Basics About Navigation

Lines on the Charts

There are two kinds that we would like to point out.  Firstly those lines that go straight up and down (down and up if you prefer), and then there are those that go straight from right to left, (or left to right if you prefer).

These first ones are called Latitude and Longitude lines.  Those lines that run from top to bottom of the chart are called Longitude (please note the are also Longitude lines if they run from bottom to top).  Notice on your chart that as they go from right to left the Longitude numbers increase in size.  This is because they are getting farther from England where they begin. You will also notice that the numbers on the other lines (the Latitude lines) that run horizontally on your chart (left to right or vice/versa) increase as you go from south to north (I'm writing this in the northern hemisphere, Florida, so everyone south of the equator just read upside down for now.)

For those that use GPS or DGPS it is these Latitude and Longitude numbers that are used to enter into the GPS equipment.  Some folks just call them GPS numbers, but for clarity purposes lets just call them what they are, Latitude and Longitude (shortened to Lat/Lon).

Just a quick note about the GPS/DGPS system. it is this system that has been certified for Marine Safety and Navigation (click here for more) and has been implemented and is fully functional throughout the United States and many foreign countries.

Now, to program Lat/Lon numbers into your GPS you need to understand that there are two ways that a Lat/Lon can be expressed.  First, there is the degree/minute/second expression and then there is the degree/minute/decimal of a minute expression.  Note that there are sixty minutes in a degree of Latitude and Longitude and there are sixty seconds to every degree.  There are 360 degrees (full circle) for both the Latitude and Longitude lines as the circle the earth.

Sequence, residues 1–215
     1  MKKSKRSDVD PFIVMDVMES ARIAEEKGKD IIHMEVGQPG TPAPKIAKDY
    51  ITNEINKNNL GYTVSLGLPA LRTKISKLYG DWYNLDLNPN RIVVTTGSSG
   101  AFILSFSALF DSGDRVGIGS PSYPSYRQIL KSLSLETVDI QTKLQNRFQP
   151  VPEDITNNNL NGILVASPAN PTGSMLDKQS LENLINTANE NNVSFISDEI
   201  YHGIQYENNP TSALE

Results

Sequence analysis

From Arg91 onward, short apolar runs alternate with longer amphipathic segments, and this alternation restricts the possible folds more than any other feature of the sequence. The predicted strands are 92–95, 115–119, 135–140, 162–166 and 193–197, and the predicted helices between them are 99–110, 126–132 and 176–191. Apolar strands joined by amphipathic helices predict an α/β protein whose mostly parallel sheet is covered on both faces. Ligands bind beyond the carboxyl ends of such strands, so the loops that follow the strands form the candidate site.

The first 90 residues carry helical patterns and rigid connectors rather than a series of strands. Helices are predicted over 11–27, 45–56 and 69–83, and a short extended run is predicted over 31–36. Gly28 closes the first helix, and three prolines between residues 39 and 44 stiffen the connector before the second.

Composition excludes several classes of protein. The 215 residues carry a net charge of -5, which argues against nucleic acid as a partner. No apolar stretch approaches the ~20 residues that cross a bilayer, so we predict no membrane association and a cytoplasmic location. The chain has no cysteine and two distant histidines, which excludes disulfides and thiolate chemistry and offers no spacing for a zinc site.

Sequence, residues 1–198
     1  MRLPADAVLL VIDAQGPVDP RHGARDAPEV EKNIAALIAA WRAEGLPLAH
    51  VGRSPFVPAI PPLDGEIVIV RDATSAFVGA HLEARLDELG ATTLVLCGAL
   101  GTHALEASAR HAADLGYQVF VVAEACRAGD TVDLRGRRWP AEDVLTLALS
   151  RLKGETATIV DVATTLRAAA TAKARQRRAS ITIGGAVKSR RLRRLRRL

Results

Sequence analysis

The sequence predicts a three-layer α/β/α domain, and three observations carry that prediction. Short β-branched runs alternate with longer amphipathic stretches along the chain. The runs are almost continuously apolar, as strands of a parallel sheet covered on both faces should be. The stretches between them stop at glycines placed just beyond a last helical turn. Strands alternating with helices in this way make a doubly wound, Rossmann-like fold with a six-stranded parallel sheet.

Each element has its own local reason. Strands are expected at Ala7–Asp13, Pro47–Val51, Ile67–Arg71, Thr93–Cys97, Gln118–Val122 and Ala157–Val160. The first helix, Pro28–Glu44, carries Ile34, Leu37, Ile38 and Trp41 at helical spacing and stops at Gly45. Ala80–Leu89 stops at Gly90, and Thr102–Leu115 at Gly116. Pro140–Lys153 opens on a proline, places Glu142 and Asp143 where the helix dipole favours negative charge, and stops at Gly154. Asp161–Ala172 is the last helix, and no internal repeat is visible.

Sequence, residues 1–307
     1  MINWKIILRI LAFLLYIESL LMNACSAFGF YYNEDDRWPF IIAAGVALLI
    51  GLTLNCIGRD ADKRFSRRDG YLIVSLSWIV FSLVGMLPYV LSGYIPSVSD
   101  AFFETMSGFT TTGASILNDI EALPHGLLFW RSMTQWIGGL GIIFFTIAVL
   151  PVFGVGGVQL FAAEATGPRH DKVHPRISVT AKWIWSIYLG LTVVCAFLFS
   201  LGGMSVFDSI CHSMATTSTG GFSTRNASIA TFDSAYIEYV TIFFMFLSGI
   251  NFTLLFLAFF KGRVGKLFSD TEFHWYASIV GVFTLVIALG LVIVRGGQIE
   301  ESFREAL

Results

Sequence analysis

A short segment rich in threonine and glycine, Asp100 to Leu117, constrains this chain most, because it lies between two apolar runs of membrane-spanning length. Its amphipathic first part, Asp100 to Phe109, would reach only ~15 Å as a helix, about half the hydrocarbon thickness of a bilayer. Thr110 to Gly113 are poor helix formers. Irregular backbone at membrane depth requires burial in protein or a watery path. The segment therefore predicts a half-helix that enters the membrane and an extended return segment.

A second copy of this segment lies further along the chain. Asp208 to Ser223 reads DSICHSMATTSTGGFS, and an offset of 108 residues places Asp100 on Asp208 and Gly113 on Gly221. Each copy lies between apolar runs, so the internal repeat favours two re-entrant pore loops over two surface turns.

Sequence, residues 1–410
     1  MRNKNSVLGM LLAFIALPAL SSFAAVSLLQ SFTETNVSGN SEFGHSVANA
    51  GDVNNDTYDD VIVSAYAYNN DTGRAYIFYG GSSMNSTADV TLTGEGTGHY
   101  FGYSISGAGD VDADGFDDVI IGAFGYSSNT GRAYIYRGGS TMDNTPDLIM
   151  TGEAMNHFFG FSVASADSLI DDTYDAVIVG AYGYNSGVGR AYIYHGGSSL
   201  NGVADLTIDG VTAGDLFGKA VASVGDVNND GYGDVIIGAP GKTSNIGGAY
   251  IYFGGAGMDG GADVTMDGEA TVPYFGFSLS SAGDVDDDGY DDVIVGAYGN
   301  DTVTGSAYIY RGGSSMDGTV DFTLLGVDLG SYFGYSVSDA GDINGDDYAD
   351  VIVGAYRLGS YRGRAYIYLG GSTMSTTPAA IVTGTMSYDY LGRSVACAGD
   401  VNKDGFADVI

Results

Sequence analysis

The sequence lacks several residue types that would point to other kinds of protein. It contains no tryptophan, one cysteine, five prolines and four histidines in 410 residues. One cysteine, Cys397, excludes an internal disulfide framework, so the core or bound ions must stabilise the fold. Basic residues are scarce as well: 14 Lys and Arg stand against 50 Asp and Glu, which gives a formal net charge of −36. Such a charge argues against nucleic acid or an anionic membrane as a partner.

Your GPS equipment can be configured to accept coordinates in either format listed above. However we suggest that you configure your GPS/DGPS to accept coordinates (numbers) in Degrees/Minutes/Decimal of a minute.  This is what the vast majority use that do serious navigation with this equipment.  This format of will look like the following: 

27 degrees 54.876 minutes or 27-54.876 for the Latitude and,

082 degrees 27.225 minutes or 082-27.225 for the Longitude expression.

(Note: the zero on the Longitude is most frequently dropped when talking about Longitude in our area, but most GPS units will require that you enter the "0" in order to input a waypoint into your GPS unit). 

Whatever you do, don't forget that pesky little decimal point or nothing will work properly.  Anytime you want to find the decimal equivalent for seconds, just take the minutes and divide them by 60. 

For those of you that have not taken the USCG Auxiliary or US Power Squadron Boating Safety course (you should) or have forgotten your basic navigation that they teach, one degree of Latitude equals one nautical mile (6,076.11549 feet). You can figure out how far one degree of Longitude is in the area that you are boating and then you will be able to figure out distances from one point to the next as you are boating. (In our Tampa Bay area of Florida, one deg. of Longitude is approximately one mile as well, lucky for us.) 

LORAN-C System

ed. Note: The LORAN-C system was discontinued by the government in US coatal waters in 2010, so use the following LORAN C information as historical reference only.